Home/The GOP Senate Leadership’s Iran Letter Was No Mistake

The GOP Senate Leadership’s Iran Letter Was No Mistake

Daniel Larison is not nearly outraged enough by the Senate’s intrusion into the negotiations with Iran. What Senator Cotton and his colleagues are doing is deliberately trying to cripple America’s ability to conduct foreign policy. And, at least in terms of domestic politics, it may well work.

First of all, let’s dispense with the notion that there is any principled Constitutional question at issue whatsoever. Senator Tom Cotton does not believe for one instant that the President is incapable of entering into binding agreements with foreign governments, nor does he believe that Congress or subsequent administrations can dispense with such agreements without cost. We know this because he believes that the Budapest Memorandum – which was not a treaty and was not submitted to the Senate for ratification – constitutes a binding promise to support Ukraine in its conflict with Russian-backed separatists, and that he believes failing to live up to this promise poses grave danger to the credibility of U.S. foreign policy generally. Here is video of Senator Cotton saying as much.

So imagine, if you will, a Senate faction opposed to the Budapest Memorandum (perhaps out of fear that it signing it would oblige America to do precisely what Senator Cotton thinks it does oblige us to do) sending a letter to the Ukrainian president in 1994 alerting them that such an agreement would properly have to be submitted to the Senate for ratification, and might well fail, and that a subsequent president could revoke its guarantees at will. A hypothetical Senator Cotton-equivalent would readily understand that the purpose of such an effort was to obstruct the president’s ability to conduct foreign policy, and would be alarmed at the implications for the credibility of America’s commitments around the world.

Right? Of course right.

This has nothing whatsoever to do with the Senate’s responsibility with respect to “advice and consent,” and nothing to do with asserting the legislature’s proper role in foreign affairs – a role that the legislature continues conspicuously to abdicate. (The Obama administration has been in regular violation of the War Powers Resolution for years, but while individual senators and representatives have pointed this out from time to time, Congress has taken no action, and I don’t expect it ever will.) I don’t expect much from most of the crowd of signatories, but Senator Paul in particular should be excoriated for participating in this stunt. If he thinks this is a “constitutionally conservative” move, he needs to have his head handed to him by people who actually know what they are talking about.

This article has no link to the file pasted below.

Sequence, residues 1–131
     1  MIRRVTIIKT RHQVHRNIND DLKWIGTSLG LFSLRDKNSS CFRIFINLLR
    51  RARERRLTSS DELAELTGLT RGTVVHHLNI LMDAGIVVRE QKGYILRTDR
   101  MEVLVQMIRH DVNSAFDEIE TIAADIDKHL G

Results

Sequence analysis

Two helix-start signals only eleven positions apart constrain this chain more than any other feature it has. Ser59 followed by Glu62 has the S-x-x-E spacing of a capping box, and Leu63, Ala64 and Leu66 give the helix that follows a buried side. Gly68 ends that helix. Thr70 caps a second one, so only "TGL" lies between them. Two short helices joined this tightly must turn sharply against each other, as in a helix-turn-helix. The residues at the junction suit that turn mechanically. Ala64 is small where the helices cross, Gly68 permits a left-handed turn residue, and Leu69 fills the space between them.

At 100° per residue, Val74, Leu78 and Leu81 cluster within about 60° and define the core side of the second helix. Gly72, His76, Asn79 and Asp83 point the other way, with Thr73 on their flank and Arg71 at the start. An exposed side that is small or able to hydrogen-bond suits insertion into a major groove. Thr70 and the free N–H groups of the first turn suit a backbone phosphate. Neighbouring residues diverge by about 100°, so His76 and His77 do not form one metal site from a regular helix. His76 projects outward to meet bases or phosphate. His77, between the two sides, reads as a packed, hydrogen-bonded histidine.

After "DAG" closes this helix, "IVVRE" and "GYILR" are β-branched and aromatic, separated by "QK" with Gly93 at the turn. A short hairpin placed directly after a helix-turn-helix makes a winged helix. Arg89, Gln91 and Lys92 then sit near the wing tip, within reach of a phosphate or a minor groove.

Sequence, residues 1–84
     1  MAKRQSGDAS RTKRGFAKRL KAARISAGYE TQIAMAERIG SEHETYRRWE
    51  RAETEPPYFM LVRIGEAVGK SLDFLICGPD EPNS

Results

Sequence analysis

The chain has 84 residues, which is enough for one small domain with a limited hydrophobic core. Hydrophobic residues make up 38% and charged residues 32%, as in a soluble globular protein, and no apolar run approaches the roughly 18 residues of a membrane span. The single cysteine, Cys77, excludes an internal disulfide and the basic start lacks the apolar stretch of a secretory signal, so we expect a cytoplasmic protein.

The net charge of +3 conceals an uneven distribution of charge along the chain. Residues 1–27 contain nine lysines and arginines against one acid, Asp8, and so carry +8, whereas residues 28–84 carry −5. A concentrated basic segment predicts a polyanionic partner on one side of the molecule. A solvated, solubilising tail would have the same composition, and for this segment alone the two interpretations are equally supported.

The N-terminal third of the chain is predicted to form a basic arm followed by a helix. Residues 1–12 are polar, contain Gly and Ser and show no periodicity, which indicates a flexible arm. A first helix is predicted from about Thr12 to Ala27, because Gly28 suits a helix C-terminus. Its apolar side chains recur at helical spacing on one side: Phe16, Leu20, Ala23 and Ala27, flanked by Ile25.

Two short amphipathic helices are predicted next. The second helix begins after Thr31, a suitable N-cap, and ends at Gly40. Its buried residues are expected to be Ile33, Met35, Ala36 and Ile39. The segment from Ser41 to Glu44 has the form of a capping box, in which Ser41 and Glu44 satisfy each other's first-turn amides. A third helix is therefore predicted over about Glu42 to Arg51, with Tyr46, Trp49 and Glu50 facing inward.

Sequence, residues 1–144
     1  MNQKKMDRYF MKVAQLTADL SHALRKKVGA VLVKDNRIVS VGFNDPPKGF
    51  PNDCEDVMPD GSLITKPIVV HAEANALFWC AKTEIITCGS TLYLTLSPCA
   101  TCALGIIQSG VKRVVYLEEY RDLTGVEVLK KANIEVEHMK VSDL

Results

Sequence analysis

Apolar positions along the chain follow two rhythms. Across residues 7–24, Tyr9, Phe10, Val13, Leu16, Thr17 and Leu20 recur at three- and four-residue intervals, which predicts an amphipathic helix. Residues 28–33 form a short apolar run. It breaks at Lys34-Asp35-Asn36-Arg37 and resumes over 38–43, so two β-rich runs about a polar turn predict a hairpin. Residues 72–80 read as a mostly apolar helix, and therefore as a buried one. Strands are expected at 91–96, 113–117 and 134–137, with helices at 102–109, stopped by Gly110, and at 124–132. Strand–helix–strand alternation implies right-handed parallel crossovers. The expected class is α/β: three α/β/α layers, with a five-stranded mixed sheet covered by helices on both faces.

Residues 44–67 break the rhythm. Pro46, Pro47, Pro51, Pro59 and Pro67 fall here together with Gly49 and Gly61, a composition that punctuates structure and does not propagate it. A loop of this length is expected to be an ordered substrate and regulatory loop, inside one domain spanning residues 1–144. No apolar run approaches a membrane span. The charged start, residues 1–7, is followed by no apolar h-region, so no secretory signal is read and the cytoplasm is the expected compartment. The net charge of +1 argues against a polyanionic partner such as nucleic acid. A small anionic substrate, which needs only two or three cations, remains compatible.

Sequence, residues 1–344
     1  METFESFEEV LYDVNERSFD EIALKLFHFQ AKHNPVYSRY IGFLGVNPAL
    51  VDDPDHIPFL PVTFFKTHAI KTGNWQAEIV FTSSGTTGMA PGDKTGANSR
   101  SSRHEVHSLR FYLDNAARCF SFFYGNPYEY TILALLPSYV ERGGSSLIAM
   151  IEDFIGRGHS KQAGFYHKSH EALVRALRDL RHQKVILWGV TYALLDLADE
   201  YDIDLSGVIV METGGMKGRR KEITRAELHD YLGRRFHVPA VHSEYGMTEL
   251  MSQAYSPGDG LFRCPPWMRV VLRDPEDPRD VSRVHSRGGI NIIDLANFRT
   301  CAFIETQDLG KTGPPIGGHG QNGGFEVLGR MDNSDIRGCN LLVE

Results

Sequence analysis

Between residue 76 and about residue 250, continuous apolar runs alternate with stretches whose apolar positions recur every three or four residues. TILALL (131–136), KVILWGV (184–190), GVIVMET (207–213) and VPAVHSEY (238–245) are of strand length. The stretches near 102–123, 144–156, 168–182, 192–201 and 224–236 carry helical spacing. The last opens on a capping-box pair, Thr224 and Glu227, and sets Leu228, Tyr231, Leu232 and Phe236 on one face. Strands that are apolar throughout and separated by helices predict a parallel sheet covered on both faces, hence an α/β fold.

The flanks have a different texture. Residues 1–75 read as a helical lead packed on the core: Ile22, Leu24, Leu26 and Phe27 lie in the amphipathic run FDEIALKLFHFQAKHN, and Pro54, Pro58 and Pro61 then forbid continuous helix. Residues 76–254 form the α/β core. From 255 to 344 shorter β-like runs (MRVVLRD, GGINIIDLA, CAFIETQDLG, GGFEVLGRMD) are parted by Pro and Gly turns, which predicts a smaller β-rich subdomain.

Substantively, the view of the Republican leadership appears to be that any of America’s threats to use force, however ambiguous or slight, must be backed up vigorously for fear of a loss of “credibility.” Diplomatic agreements, however, are not to be taken seriously, because they may be discarded whenever a new leadership disagrees with what a previous administration agreed to. They affirmatively wish such agreements not to be credible, so that they are never entered into. And, funnily enough, if you cripple America’s diplomacy you’ll have lots of opportunities to demonstrate the “credibility” of America’s threats to use force. Which is exactly the goal – because such situations play to the GOP’s strengths as a brand.

And unfortunately, the Republican leadership may well be able to achieve their goals. Not internationally – I doubt the Iranians did more than roll their eyes at this stunt – but domestically. It turns out to be relatively easy to manipulate the public into supporting a more aggressive foreign policy. If talks with Iran fail (which they might have done regardless), it is vanishingly unlikely that the American people will blame the GOP leadership in any way that matters. On the contrary: if the talks fail, the country will be more supportive of a more aggressive stance toward Iran, which will redound to the benefit of the GOP generally and its more hawkish members in particular. So long as that’s the electoral dynamic, there are literally no disincentives for this kind of outrageous behavior.

To paraphrase the immortal words of Senator McConnell, the negotiations with Iran may prove to have been a hostage worth shooting.

about the author

Noah Millman, senior editor, is an opinion journalist, critic, screenwriter, and filmmaker who joined The American Conservative in 2012. Prior to joining TAC, he was a regular blogger at The American Scene. Millman’s work has also appeared in The New York Times Book Review, The Week, Politico, First Things, Commentary, and on The Economist’s online blogs. He lives in Brooklyn.

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